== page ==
Five Ways to Provide Better Creative Feedback
Giving feedback is one of the most important parts of the client-agency relationship, and it’s also one of the trickiest.
When critique is given well, it pushes the work to be bolder and more effective. When it isn’t, both sides end up feeling frustrated and misunderstood. We’ve seen it go both ways—and every which way in between. Here’s our perspective on giving creative feedback that leads to better results.
Branding expert Rob Meyerson gives this advice for group settings, and it’s some of the best we’ve heard. There are two advantages to starting with positive feedback.
Most feedback sessions default to pointing out negatives. While negative feedback is important, starting with the positive allows the creative team to understand which elements are working. And that’s key to making good revisions.
The second advantage is all about group dynamics. If one person expounds all the reasons they hate logo A, the rest of the team will probably hesitate to say why they’re drawn to it. None of us want to look silly for defending a bad idea, and many people would rather avoid confrontation altogether.
Reserving the first five or ten minutes for positive feedback helps ensure all opinions are heard and no ideas are killed prematurely. It also leaves room for new ideas to surface from the discussion of existing ones.
Most counterproductive feedback starts with the words “I don’t like…”
I don’t like purple. I don’t like serifs. I don’t like the term “wet blanket.”
The thing is, your audience doesn’t care what you like. They care what they like.
So when giving feedback, try to think like your audience. As much as possible, leave personal tastes at the conference room door.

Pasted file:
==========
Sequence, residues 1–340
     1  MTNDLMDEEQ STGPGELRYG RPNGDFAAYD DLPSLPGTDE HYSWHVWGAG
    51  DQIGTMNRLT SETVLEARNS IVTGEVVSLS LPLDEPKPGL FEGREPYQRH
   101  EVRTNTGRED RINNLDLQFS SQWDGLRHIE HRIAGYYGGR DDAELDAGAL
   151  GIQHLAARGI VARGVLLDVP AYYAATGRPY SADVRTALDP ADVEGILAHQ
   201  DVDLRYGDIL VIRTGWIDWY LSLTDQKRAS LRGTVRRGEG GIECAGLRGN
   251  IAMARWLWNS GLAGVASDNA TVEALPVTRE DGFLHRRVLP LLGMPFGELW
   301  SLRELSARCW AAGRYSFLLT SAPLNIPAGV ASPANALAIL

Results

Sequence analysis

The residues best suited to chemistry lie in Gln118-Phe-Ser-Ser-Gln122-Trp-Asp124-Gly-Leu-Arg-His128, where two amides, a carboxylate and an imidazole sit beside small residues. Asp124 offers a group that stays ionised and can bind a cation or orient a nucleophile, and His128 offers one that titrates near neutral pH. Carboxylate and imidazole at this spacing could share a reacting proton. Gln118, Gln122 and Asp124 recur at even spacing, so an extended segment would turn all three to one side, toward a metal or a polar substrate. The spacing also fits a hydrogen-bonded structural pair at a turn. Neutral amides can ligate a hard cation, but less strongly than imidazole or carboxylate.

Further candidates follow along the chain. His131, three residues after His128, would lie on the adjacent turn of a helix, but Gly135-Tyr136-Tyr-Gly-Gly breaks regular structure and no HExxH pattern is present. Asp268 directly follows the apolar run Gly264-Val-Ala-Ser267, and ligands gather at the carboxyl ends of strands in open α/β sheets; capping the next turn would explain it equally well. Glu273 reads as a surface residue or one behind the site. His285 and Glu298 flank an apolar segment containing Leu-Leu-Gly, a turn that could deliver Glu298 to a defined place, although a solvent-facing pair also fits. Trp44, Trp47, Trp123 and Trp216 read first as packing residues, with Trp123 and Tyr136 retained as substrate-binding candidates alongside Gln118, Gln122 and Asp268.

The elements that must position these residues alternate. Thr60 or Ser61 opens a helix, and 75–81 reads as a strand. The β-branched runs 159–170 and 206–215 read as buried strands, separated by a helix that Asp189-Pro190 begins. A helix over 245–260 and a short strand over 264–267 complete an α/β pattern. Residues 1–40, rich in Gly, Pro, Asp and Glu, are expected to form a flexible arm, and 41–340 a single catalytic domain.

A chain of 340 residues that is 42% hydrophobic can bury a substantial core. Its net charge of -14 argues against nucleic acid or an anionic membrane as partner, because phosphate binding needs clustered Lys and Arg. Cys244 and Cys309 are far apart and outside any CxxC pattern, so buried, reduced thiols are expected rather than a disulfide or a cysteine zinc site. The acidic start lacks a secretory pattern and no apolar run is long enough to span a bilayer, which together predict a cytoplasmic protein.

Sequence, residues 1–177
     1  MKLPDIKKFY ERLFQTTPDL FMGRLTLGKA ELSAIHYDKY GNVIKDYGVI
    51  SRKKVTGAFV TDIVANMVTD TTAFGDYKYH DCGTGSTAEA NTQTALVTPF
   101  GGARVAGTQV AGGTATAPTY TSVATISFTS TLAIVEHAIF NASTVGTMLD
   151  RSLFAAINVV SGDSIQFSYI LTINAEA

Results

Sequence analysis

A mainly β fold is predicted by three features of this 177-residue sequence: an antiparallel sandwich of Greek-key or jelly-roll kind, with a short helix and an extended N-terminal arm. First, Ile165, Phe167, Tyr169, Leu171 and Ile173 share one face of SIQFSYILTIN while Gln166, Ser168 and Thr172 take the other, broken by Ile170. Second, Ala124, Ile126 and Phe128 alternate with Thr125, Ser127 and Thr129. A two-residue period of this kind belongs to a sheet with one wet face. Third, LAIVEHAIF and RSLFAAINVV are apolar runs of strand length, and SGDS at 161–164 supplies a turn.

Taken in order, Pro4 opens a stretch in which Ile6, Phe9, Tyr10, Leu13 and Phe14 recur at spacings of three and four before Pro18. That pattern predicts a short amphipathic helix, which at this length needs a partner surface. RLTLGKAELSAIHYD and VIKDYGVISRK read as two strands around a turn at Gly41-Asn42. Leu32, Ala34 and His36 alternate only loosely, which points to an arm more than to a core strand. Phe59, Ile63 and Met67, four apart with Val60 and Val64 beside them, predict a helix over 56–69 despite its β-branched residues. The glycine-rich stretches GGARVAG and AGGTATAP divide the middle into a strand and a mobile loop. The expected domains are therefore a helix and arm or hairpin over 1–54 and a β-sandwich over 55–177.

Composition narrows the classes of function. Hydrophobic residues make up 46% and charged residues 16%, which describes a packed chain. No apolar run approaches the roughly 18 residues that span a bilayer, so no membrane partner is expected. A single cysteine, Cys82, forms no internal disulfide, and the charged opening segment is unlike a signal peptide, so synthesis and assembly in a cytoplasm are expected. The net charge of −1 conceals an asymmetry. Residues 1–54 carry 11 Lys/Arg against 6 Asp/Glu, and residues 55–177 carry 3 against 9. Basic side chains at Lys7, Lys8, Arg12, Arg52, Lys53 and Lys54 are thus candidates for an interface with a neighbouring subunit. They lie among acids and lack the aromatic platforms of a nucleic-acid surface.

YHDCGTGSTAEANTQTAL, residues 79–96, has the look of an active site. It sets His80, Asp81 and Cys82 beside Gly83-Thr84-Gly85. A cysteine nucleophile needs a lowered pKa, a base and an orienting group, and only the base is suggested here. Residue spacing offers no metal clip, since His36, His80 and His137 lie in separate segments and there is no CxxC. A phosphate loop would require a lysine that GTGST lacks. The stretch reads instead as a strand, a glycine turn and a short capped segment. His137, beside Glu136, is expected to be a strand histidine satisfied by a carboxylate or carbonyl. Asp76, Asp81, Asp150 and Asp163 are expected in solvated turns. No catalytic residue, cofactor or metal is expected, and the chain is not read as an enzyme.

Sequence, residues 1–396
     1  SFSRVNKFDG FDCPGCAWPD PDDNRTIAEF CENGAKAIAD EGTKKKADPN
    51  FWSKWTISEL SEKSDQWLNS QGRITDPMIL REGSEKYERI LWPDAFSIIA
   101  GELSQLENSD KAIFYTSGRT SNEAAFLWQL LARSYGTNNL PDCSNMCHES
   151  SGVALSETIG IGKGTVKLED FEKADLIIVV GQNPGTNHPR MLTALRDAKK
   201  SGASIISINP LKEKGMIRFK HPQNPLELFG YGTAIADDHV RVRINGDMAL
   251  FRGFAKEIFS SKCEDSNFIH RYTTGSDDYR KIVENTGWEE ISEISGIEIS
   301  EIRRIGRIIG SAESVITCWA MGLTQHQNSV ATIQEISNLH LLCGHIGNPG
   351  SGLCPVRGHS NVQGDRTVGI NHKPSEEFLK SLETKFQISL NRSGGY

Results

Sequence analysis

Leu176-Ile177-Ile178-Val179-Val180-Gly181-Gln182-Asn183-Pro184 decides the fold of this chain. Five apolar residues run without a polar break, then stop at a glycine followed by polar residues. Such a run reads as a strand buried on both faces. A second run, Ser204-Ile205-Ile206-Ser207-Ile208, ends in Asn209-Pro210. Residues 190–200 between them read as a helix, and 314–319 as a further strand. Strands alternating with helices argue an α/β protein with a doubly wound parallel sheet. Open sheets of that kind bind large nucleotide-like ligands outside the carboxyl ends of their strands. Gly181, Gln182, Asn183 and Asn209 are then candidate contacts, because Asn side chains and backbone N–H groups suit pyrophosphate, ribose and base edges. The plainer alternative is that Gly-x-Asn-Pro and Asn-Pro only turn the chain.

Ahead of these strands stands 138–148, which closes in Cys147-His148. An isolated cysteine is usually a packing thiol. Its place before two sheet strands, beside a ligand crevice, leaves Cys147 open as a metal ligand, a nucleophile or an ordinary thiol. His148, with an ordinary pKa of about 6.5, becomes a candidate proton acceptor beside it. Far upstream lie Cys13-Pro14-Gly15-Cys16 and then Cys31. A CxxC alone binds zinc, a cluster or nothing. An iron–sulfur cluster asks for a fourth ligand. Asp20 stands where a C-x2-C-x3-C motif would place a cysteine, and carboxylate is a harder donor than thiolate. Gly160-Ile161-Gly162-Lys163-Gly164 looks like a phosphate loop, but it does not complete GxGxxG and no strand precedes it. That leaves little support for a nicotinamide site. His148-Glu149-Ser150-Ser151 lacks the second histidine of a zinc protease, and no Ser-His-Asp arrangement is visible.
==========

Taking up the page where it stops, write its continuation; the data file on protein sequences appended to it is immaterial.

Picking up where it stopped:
Ever heard of the vanilla ice cream effect? It’s the idea that if you ask a large group of people to pick one ice cream flavor to share, they’ll probably choose vanilla. Not because it’s the flavor anyone loves, but because it’s the flavor no one hates.
In branding, the only way to stand out is to be different. In other words, not to settle for vanilla. So if a feedback session seems to be heading toward bland, it may be time to refocus the conversation using more pointed questions. Which of these designs is most memorable or attention-grabbing? Knowing that our audience is primarily twenty-somethings who love to skateboard, which vibe do we think will most speak to them?
Or it may be time to break and, if possible, consider holding the next feedback session with a smaller team—one which understands the danger of boring branding.
If you’ve invested the time and effort to develop a brand strategy you feel strongly about, make it a litmus test for all creative work. Giving helpful feedback isn’t something that comes naturally to most of us, and thinking about how the creative fulfills the strategy (or deviates from it) can help.
Most Americans encounter hundreds of brands and advertisements daily. But how many of yesterday’s ads can you remember today? Unless it was Super Bowl Sunday, probably no more than two or three. It’s not enough for your branded content to be mildly interesting: It needs to be unique and energetic enough that your audience will actually notice.
Jim Durfee, one of the industry’s most awarded copywriters, gave the advice to “Never write an ad a competitor can sign.” This holds true for any creative output. Does what you’re reviewing communicate something distinctive about your brand?
This is a question to ask when you’re tempted to play it safe. Imagine your top competitor ran with one of the options you’ve been presented. Would it make you sweat? That’s a good sign.
On the other hand, if you’d barely notice, it’s probably a direction your competitors would be happy to see you take.
Change is uncomfortable, and it can be hard to imagine how you’ll ever pull some changes off. But if you can imagine a rival succeeding with an option you’re considering, odds are you can, too.
Learning to give and receive feedback takes practice, and it can feel awkward at first. But the bottom line that is it makes the work better, which is something both sides want. Clients can help creatives see nuances about their industry or audience they might have been missing. Creatives can communicate thoughtfully about the reasoning behind their choices.
And in the end, maybe an unexpectedly delicious—and downright memorable—flavor of ice cream will emerge.